Graphical Design, of this type, is basically figuring out what details you want and omitting those that you don’t.  (In order for the design to work one should be omitting a lot more than he/she keeps.) For this Pavilion, I wanted the main features like the GRFC Bents, the Overhangs, and the VIP Windows but not much else. Based on these requirements I came up with this…


Well? ... That was simple enough, perhaps a little too simple.  In order to “ground” the structure (and also to avoid making it look like a futuristic tent), I tried an extremely minimalistic first pass of adding the “storefront windows”…  

To quote Lynda.com instructor Deke McClelland, “Now, … at this point … this looks like Garbage!”
This addition, made the line-art way too grounded. As a solution, I decided to try the reverse – focusing on the frames of the windows rather than the windows themselves. Up until now, I’ve purposely stayed away from practical details like doorways, stairs and other non-spectacular items. However, Horizons, was looking entirely too simple, thus some concessions have to be made. (It’s at points like this that I have to remind myself that even thought all of Future World’s pavilions have/had a uniform style they were all still different from each other and therefore should be treated differently.) Furthermore, considering I was now going to incorporate ALL the windows, I could now include the awnings that served as a wonderful juxtaposition of angles with the overhangs above…

OK, that looks good, (and thanks to having the proper materials) it only took a several hours over a couple of nights to make it happen. As our British friends say, “let’s knock off early!” – Not so fast Mr. Harris! My version of Horizons does appear to be an “improvement” of the original, but is not as unique as it could be. Most importantly it’s Not as unique as it should be.

Originally, I conceived the E82 Pavilions as rigidly displayed on a single line and very analogous to a typeface. By the time I got to my third pavilion I was already breaking that rule. Now, the series was (to continue the type parlance) to include Descenders. As such, I thought it would be best to mirror The Land, by incorporating Horizons’ hillside. The blueprints I had did not include the planters and hillside, but it was ultimately for the best as a literal translation just wasn’t going to work out. Because the hill was a pedestal for the pavilion it was necessary to keep any amount of detail at an absolute minimum. Originally, I wanted the hill to follow the same through-line as the building profile. Although dramatic, this design choice was not wise in relationship to the other pavilions. If executed, it would create an enormous gap between Horizons and its neighboring pavilions. In short, Horizons would not play well with others! Unlike the rest of the building itself these simple eleven lines took another week to develop!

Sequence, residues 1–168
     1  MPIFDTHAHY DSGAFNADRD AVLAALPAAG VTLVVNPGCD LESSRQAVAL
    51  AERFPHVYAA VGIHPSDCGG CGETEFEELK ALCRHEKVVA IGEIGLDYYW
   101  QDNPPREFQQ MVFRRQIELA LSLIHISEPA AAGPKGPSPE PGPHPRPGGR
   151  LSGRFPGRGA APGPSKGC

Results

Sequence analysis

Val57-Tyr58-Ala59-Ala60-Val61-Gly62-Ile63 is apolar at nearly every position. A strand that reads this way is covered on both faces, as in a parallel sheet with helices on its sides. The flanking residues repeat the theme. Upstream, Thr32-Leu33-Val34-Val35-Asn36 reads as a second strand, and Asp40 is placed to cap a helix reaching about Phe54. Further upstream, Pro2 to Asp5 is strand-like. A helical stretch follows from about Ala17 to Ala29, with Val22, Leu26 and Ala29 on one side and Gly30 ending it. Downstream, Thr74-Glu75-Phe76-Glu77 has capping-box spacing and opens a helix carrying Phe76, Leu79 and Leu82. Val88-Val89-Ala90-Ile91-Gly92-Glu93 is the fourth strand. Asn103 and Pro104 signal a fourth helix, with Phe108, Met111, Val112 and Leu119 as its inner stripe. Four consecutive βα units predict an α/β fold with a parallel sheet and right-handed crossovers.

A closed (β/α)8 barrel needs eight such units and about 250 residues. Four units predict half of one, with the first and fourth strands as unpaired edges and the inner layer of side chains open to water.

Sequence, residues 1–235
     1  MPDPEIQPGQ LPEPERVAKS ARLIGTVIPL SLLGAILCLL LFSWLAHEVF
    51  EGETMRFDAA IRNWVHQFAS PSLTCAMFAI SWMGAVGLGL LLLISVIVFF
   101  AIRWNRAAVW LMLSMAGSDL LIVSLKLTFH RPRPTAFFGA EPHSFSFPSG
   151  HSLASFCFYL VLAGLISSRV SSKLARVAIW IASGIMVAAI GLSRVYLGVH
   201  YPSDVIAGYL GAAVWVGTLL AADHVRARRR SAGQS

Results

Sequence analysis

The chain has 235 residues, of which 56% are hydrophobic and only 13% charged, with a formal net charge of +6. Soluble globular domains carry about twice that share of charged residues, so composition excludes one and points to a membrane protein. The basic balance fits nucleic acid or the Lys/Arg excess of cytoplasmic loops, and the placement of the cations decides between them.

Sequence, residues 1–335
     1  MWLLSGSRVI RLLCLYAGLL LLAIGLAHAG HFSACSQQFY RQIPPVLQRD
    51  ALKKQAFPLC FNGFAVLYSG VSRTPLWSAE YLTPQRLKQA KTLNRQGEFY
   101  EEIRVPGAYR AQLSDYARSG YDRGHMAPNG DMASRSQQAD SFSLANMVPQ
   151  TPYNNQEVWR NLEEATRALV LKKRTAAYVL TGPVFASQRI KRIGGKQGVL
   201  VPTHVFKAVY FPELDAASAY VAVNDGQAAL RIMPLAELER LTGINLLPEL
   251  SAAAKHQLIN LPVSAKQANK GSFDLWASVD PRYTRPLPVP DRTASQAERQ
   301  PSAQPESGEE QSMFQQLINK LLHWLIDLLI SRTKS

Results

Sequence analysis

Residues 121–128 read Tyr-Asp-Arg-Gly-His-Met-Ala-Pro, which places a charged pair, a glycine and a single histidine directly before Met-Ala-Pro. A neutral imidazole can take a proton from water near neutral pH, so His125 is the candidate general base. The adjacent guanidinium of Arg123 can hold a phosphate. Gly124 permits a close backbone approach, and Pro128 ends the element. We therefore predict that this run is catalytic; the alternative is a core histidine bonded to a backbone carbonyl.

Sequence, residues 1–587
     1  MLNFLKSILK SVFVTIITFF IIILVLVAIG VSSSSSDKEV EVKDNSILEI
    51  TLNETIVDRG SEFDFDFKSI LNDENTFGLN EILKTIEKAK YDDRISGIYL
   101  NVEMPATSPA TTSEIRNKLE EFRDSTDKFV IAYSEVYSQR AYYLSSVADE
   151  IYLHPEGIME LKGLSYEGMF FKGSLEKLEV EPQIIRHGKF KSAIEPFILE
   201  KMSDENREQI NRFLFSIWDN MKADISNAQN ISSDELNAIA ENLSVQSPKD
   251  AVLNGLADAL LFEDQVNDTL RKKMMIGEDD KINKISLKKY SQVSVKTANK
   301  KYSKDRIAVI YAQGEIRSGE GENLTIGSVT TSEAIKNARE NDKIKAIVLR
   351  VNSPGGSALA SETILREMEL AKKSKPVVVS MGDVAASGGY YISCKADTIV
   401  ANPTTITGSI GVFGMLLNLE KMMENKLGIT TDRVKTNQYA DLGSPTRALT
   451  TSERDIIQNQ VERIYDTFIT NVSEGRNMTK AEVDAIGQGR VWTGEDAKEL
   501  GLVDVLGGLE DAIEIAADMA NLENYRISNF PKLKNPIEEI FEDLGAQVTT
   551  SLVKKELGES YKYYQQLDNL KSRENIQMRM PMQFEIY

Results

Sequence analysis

The biggest difference between the blueprint and the Line-Art is the spacing of the Bents, which was exaggerated to portray a more rounded/dimensional form. Furthermore, you’ll also notice that the negative space around the bents is used to enhance the overall effect as well as the angles of the window awnings.

Many of the pavilions of Future World feature sometimes not-so-subtle symbolism. Whether it is the futuristic greenhouse of The Land, the ocean waves of The Living Seas, or the wheel-shaped World of Motion, the architecture itself revealed the subject matter of the attractions themselves.
In the case of Horizons, many guide books and ephemera referred to the building as a “gem-like spaceship.” The original GE advertisements portray the structure as nothing short of a Close Encounters-style alien spaceship from the 21st Century - A “Futureprobe” permanently moored at EPCOT.
The original line-art of the pavilion looked very much like its symbolic intensions. The E82 version had the dual objectives of both representing the original structure and continuing the spaceship motif. The lower storefront windows are intended to represent the gravity cancelling under-mechanisms of ships like those found in Forbidden Planet. (This reference will be a lot more apparent in future applications.)
Furthermore, the planters and walkways of the hillside were designed to resemble scorched-earth marks of so many rocket ships of the last century. Consequently, this is also one of the biggest reasons why it took so much longer to create/visualize this aspect of the design. 


The E82 version of Horizons is by no means perfect, but simply an attempt to bring Horizons into the century it stool in praise of. If you’ve stayed with me this long, I’m impressed! Thank You! And I hope you’ll look forward this icon’s first use – in not One but Two editions to the Epcot Vista Series!